But Allegiant is doing it differently, significantly so. For one thing, Port Charlotte is near Punta Gorda Airport, which happens to be served exclusively by Allegiant. The airline estimates that the resort will add 300,000 visitors a year to the area, and if they fly, they will fly with Allegiant. And those condo sales will mean a huge increase in the passengers who depart from and return to Punta Gorda regularly as well, practically an annuity for the airline.

Of course, Allegiant must run the hotel, condos and the resort successfully. But the airline has always billed itself as a travel company that happened to own an airline. The TUI Group has a similar business model, but does not sell those annuity- generating condos.

While Ryanair was becoming friendlier and developing a great ancillary app, low- fare rival easyJet came up with a different smart move – its Worldwide by easyJet service. It is now selling connecting flights at between its home market in Europe and the US, Canada, Argentina and even Singapore. The Canadian routes are flown by WestJet, which does not compete with easyJet. But the other connections are operated by Norwegian, which does compete in Europe.

It’s a little like a codeshare and apparently works because London Gatwick provides easy connections. easyJet is happy to provide the short-haul component of a trans- oceanic trip, as long as it gets more traffic, which the arrangement should provide.

Sometimes the best results flow not from big ideas, but from doing small things very well. Take Delta Air Lines’ innovation in baggage handling. It’s fair to say that travellers are annoyed at paying bag fees, even as airlines have come to depend on these fees for a major chunk of revenue. So Delta decided to give its customers something in return for paying for checked baggage.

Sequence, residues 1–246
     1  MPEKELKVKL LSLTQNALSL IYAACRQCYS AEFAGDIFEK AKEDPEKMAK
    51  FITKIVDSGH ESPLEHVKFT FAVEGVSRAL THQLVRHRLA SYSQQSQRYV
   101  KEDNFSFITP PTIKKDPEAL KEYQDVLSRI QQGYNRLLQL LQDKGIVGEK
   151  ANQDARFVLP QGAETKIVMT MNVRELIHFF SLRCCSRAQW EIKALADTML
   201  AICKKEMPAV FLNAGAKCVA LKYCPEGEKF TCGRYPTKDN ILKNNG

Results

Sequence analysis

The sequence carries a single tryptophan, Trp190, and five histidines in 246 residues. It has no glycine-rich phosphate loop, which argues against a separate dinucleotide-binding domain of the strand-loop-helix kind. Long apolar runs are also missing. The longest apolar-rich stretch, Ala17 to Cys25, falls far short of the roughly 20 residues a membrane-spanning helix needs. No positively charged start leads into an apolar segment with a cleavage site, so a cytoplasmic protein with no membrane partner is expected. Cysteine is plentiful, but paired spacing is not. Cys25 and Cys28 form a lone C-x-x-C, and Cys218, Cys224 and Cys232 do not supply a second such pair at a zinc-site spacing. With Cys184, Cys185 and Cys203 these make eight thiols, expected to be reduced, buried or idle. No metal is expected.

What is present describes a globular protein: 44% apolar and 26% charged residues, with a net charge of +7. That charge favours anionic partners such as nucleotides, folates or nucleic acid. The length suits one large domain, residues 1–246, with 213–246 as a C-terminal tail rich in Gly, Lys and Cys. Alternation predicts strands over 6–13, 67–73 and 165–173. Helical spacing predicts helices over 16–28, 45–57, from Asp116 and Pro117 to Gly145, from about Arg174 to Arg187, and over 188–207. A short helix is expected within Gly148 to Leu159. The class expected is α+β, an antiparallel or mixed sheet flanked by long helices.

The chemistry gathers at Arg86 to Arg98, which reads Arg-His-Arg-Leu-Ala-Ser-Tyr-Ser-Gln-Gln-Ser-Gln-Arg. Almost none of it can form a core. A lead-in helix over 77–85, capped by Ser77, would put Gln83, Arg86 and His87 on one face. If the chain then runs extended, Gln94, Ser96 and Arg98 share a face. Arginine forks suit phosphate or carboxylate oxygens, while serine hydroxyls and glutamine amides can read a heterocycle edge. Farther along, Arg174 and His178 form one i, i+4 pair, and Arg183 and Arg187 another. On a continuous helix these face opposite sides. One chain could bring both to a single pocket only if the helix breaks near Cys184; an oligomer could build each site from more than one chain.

First, the carrier invested in a simple, foolproof device for its bag handlers on the ramp. The device scans bags and shows different colours according to whether a bag should go on the plane being loaded or not. The device minimises loading errors and tracks bag progress. Then Delta connected the tracking data with a new baggage app that lets passengers know where their bags are in the system. The reduced bag errors also allowed Delta to offer 2,500 frequent- flier miles when a bag takes more than 20 minutes to get to the carousel. So passengers are actually getting useful benefits from those baggage fees they have to pay: better service and the security of knowing where their bags are.

The original purpose of frequent-flier miles was to build some consistency in an airline’s passenger revenue. Brazil’s GOL has taken that purpose a step further by creating a subscription programme that earns customers extra miles, plus some other benefits. For about $13 per month, Clube Smiles members get an extra 1,000 bonus miles, for $95 they get 10,000 miles. They also get discounts on airline and retail rewards, and a guarantee that mileage will be honoured for 10 years. GOL customers must sign up for a minimum of six months. Like those annuity sales Allegiant is looking for, this is the best kind of ancillary, a regular stream of revenue.


With its stated aim to increase ancillary revenues by improving passenger experience, CEO Mike Abramsky says Guestlogix offers the most user-friendly technology for selling on-board ancillaries throughout the day of travel. Its flight attendant app lets attendants take orders, track sales and process payments of many kinds. Its passenger experience app lets customers browse the on-board catalogue, order and pay with multiple methods and currencies. It can also store mileage points, making it easy to integrate loyalty programmes with ancillary merchandising. Finally, a management console gives marketing managers dashboards, reports and insights to run personalised sales campaigns.

All this goes way beyond traditional point-of- sale hardware, disconnected from passenger systems and usually appealing to only 8% of passengers. “Passenger-centric analytics is uncharted territory for airlines,” Abramsky stresses. “This is what sets Guestlogix apart from competing point-of-sale solutions.” He says launch partners and existing airline customers will be deploying Guestlogix’s new platform throughout the first quarter of 2018.

Abramsky believes most carriers still know too little about their customers, largely because of legacy technology for distribution and passenger. But there are signs airlines are beginning to “consumerise” the passenger experience. The ones who do it best will get the largest share of an estimated US$30bn in additional ancillary revenue by 2035.